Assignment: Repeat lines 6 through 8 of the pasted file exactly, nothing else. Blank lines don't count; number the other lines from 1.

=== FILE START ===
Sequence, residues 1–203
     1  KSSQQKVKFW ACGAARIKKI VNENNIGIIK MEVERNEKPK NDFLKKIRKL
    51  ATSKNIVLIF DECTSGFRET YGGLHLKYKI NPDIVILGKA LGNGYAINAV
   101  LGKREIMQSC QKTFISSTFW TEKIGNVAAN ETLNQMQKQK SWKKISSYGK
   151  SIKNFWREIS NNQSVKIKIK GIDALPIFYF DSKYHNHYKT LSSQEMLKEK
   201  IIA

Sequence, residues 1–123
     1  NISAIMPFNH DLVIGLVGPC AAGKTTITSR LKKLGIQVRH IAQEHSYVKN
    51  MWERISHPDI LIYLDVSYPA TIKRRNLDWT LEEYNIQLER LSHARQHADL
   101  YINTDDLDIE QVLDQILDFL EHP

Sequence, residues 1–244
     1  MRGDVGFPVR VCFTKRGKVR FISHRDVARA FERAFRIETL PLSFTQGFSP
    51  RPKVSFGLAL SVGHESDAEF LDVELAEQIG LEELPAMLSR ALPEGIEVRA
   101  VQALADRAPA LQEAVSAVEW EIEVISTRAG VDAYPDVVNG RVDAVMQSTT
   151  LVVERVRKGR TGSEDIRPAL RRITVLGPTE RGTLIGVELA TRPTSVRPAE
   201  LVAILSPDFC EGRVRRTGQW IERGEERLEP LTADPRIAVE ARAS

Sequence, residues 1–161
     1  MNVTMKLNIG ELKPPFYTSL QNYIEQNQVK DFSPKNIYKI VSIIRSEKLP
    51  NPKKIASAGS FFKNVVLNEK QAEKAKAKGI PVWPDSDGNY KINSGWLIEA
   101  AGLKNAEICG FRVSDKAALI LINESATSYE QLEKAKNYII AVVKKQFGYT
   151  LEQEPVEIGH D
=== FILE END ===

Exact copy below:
   201  IIA

Sequence, residues 1–123
     1  NISAIMPFNH DLVIGLVGPC AAGKTTITSR LKKLGIQVRH IAQEHSYVKN